Inside Unmanned Systems provides actionable business intelligence to decision-makers and influencers operating within the global UAS community. Features include analysis of key technologies, policy/regulatory developments and new product design.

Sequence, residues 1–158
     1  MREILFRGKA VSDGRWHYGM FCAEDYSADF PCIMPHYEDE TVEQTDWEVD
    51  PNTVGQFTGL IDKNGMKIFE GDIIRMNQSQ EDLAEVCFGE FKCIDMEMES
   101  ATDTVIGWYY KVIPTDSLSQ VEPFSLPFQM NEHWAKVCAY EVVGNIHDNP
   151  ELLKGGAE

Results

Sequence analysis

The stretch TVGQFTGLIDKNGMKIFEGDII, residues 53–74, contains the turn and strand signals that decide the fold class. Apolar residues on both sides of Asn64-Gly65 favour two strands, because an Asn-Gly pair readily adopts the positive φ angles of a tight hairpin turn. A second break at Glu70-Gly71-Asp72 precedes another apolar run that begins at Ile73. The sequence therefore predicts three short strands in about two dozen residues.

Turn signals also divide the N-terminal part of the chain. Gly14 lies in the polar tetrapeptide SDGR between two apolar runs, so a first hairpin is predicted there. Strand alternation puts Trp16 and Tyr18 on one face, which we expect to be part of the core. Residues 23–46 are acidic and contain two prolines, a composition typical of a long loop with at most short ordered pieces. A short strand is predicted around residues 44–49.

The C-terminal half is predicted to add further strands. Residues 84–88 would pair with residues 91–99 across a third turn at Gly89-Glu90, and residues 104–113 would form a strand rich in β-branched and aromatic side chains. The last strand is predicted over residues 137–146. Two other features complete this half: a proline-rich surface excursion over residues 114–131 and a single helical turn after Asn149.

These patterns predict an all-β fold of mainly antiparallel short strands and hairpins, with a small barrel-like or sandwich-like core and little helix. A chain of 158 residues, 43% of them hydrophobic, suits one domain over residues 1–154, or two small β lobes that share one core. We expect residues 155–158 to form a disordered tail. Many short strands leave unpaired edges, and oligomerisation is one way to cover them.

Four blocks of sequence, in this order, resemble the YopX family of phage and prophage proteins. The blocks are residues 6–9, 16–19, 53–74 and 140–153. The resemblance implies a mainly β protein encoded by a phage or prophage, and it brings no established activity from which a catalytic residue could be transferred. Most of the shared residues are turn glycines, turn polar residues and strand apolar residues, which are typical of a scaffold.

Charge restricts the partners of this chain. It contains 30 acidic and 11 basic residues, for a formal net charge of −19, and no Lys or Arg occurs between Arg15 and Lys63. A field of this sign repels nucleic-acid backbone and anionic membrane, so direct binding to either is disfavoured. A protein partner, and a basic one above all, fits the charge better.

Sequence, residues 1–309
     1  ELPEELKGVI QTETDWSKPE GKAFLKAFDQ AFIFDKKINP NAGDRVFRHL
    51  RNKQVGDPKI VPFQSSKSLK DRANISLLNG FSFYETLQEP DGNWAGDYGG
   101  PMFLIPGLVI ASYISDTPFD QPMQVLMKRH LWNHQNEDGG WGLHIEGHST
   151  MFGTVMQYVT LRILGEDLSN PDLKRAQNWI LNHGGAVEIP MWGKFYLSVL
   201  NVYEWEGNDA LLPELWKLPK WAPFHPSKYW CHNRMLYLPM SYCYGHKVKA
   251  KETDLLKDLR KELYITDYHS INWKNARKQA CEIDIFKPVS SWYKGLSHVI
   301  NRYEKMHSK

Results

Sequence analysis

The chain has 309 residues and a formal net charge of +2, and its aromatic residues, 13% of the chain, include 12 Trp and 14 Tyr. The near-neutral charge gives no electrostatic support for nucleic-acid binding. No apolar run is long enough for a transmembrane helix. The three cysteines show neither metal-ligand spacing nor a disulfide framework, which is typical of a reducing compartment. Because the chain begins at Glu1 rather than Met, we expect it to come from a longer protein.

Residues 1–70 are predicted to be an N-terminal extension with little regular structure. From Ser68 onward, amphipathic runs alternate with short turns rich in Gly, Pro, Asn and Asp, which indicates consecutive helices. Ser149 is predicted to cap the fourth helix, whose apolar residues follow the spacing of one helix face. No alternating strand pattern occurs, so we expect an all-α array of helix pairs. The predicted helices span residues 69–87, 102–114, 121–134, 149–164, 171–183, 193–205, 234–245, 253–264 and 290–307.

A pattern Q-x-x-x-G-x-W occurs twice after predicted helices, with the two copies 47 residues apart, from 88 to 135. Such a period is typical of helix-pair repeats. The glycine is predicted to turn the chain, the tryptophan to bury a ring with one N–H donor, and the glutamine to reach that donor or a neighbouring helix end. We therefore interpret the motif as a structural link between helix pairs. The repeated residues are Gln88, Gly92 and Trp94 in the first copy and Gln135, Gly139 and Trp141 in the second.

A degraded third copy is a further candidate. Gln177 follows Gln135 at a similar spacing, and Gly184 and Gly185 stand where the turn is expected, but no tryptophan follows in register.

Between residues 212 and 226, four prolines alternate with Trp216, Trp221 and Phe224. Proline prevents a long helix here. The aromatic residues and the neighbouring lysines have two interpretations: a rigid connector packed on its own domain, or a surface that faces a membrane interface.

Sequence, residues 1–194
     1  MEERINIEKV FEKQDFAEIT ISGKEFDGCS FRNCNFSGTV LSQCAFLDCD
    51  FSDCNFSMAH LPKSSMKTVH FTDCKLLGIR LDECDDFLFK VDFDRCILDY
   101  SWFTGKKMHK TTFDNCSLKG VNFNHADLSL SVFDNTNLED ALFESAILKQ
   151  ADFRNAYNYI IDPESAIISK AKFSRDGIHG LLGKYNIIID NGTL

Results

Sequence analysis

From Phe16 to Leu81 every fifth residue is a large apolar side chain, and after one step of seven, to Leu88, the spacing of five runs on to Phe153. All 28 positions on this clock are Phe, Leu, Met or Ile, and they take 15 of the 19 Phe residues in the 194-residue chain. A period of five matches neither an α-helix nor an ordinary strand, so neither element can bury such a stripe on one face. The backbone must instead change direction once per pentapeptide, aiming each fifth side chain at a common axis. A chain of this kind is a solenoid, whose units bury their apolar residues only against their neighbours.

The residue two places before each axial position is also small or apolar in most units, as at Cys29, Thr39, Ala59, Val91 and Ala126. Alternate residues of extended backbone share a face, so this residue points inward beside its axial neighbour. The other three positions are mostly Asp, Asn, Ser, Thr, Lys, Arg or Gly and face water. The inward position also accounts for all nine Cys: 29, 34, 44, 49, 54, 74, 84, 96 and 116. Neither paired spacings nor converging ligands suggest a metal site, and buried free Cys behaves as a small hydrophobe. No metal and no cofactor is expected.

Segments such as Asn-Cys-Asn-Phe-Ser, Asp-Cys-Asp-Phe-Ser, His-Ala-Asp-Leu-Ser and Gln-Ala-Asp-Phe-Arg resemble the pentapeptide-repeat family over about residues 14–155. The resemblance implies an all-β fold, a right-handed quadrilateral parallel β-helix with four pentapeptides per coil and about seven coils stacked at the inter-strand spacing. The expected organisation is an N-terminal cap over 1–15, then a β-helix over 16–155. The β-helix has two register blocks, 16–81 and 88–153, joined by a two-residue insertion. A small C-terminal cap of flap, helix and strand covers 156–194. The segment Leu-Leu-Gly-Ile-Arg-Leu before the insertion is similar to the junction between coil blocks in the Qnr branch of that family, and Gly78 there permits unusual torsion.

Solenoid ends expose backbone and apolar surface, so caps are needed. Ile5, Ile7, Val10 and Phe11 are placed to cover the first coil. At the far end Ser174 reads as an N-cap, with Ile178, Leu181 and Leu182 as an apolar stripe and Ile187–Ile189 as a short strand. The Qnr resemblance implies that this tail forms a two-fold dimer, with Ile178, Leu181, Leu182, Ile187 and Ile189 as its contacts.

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42 unmanned systems inside August/September ugust/Septe August/September August/September be August/September 2016 0 2016 6 2016 AIR NEW APPLICATIONS second. That's a little faster than a paintball gun and slower than a rubber bullet. Because the machine can plant seeds so pre- cisely, obstacles like rocks and downed trees aren't an issue. "That's the exact reason why Droneseed is so important," Kozak said. "People have to get through the terrain; most of the time it is land that is covered in all kinds of stuff. That's a huge reason to send in drones." The service drone has multiple attachments, "like a tractor," the company said; once seeding is done users can attach a spray module and the vehicle f lies back to the area to treat the seedlings with natural pest deterrents. DroneSeed currently has four paid pilot projects, helping replant land in the U.S. and Canada after forest fires, and working with a water utility to plant shade trees to naturally cool water before it enters their treatment plant. The reforestation project has saved Clean Water Services from having to build a $65 million cooling plant, Kozak said. Fighting Fire, Insects Pilot projects notwithstanding, DroneSeed may have a lot of work to do before making inroads with established forestry agencies. Wisconsin's DNR has "not had any discussions, nor used any of that" technology, according to Warren, who added that manual methods of reseeding have worked fine in the past. "I'm sure it's something that at some point we'll explore and see if there's some applicability, but at least on state lands we just cover it with planting crews." Fred Turck, Virginia DNR manager of re- source protection, said a UAS might be use- ful in the future as a scout vehicle to see what areas might need an application of herbicide or to monitor logging jobs. In the future, if line-of-sight requirements are lifted, Virginia might also use a drone to monitor a wildfire. And in Michigan, forest service officials have discussed using drones to monitor the spread of invasive pests like the Hemlock Woolly Adelgid, which kills trees from the top down. "Most of the time you're either way high in an airplane, or you're on the ground looking up," Michigan DNR manager of forest planning operations David Price said. An unmanned vehicle would let inspectors get closer to the treetops, where eyes are needed most. But DroneSeed is optimistic that people will realize the potential of tree planting by drone. And at least some industry observers agree: the startup was accepted to the prestigious in- cubator TechStars Seattle in 2016. Photos courtesy of DroneSeed DroneSeed CEO Grant Cary holds one of the firm's unmanned aircraft (top). DroneSeed rotorcraft use an air gun to precisely place seed pellets.